Applicants for a visa, admission, or adjustment of status will not be admitted to the United States if they are deemed likely to become public charges (INA 212(a)(4)).
What is a public charge?
U.S. Citizenship and Immigration Services (USCIS) defines a "public charge" as an individual who is "primarily dependent on the government for subsistence, as demonstrated by either the receipt of public cash assistance for income maintenance, or institutionalization for long-term care at government expense." See "Field Guidance on Deportability and Inadmissibility on Public Charge Grounds," 64 FR 28689 (May 26, 1999).
Here are some examples of federal and state public assistance programs. In some cases, you can receive benefits without becoming a public charge. For instance, you and your family can use community-based programs and services, like soup kitchens, crisis counseling and intervention, and short-term shelter. Read this USCIS fact sheet to find out more about which types of non-cash and special-purpose benefits you may be able to receive without becoming a public charge.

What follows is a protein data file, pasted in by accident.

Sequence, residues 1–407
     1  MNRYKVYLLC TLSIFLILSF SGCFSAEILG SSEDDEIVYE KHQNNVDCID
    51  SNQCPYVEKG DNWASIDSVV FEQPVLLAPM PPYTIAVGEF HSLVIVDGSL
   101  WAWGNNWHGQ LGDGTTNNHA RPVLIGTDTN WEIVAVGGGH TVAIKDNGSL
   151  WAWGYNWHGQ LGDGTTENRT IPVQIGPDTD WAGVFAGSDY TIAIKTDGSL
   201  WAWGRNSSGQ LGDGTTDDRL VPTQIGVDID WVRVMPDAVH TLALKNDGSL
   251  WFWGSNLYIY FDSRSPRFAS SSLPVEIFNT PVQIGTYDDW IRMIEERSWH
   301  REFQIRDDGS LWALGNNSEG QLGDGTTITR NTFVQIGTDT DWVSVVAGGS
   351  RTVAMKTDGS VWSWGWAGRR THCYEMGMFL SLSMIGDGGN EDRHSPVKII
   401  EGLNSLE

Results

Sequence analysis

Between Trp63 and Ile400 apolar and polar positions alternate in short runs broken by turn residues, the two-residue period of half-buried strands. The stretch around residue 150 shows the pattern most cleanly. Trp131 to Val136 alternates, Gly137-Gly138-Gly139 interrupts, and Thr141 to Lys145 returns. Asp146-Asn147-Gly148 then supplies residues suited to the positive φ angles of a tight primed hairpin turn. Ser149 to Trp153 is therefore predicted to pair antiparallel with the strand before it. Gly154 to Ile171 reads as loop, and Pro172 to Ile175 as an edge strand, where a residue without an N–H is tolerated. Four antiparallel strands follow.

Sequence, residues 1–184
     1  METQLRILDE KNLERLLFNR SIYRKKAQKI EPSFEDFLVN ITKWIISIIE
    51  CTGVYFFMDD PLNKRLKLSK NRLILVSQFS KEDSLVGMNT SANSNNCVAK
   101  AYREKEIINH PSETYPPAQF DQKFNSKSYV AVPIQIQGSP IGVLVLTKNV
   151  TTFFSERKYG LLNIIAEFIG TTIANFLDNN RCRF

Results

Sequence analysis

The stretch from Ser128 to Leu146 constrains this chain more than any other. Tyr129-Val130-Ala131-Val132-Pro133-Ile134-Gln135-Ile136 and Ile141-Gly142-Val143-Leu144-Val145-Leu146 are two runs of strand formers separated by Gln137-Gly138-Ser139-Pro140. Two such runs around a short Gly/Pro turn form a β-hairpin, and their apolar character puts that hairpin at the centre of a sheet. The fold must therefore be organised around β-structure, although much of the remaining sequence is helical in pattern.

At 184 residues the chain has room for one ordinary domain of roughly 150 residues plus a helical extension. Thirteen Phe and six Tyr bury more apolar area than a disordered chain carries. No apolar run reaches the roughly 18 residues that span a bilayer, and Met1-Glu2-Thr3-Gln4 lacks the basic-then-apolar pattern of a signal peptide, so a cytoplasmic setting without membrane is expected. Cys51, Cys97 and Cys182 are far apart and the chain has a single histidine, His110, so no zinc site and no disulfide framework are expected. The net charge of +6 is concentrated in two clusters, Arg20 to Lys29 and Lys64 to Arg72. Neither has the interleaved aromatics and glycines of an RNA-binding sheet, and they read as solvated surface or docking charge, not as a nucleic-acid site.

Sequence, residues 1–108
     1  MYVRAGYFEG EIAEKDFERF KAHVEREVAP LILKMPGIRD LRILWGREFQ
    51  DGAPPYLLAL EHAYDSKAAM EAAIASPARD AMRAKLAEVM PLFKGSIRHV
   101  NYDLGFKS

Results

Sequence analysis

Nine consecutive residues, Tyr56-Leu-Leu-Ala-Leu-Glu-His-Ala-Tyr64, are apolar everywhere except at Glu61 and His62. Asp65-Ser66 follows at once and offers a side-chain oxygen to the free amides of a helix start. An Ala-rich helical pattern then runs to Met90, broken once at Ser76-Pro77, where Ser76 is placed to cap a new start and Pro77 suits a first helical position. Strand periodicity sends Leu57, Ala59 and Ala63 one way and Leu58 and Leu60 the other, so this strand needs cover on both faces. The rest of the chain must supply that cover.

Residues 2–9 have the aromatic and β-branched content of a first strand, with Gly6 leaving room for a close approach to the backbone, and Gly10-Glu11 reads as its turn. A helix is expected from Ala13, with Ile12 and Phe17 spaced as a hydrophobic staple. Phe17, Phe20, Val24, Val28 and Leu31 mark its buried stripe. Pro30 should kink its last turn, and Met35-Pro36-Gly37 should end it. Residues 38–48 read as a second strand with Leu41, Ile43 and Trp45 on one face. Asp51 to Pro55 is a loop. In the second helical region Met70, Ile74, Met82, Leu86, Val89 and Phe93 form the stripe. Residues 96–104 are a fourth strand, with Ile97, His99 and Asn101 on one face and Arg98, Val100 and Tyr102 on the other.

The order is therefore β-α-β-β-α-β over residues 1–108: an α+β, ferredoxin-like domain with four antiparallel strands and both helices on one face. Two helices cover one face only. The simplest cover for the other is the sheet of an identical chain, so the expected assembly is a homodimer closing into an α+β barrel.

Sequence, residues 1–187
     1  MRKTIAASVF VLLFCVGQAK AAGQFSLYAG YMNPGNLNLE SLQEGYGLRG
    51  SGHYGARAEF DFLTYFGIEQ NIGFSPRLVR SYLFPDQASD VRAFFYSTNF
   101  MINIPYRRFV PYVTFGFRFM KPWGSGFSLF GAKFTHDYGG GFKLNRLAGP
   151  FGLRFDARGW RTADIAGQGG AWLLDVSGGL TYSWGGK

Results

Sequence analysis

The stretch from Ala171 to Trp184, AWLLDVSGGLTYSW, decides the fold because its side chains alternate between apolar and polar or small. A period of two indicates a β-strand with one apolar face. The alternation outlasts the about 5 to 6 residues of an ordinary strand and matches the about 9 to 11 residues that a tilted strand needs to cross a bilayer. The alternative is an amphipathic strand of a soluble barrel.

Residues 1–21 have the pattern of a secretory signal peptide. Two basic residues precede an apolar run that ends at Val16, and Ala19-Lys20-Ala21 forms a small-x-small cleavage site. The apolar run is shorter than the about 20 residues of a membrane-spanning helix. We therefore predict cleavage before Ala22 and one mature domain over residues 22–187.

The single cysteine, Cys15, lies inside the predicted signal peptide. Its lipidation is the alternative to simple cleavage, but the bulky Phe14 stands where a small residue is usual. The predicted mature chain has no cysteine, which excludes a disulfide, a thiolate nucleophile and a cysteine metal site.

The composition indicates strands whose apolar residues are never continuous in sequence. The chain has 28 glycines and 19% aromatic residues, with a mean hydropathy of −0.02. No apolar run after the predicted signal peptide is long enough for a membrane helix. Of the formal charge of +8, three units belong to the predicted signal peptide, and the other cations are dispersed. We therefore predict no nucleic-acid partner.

Is seeking treatment for COVID-19 a violation of the public charge rule?
I've been laid off from my job. Will accepting unemployment benefits make me a public charge?
Is accepting a stimulus check a violation of the public charge rule?
Proving You Will Not Become a Public Charge
When you enter the country or apply for an extension or change of status, you will need to satisfy the inspector or adjudicator that you are capable of maintaining your status and will not become a public charge.
International students and scholars must document sufficient sources of funding to cover tuition, fees, and living expenses in order to be sponsored for F-1 or J-1 status. You may also be required to demonstrate sufficient private funding when you apply for your visa so you will not become a public charge while in the United States. This funding is required because legal options for employment or for earning income to support your expenses are so limited.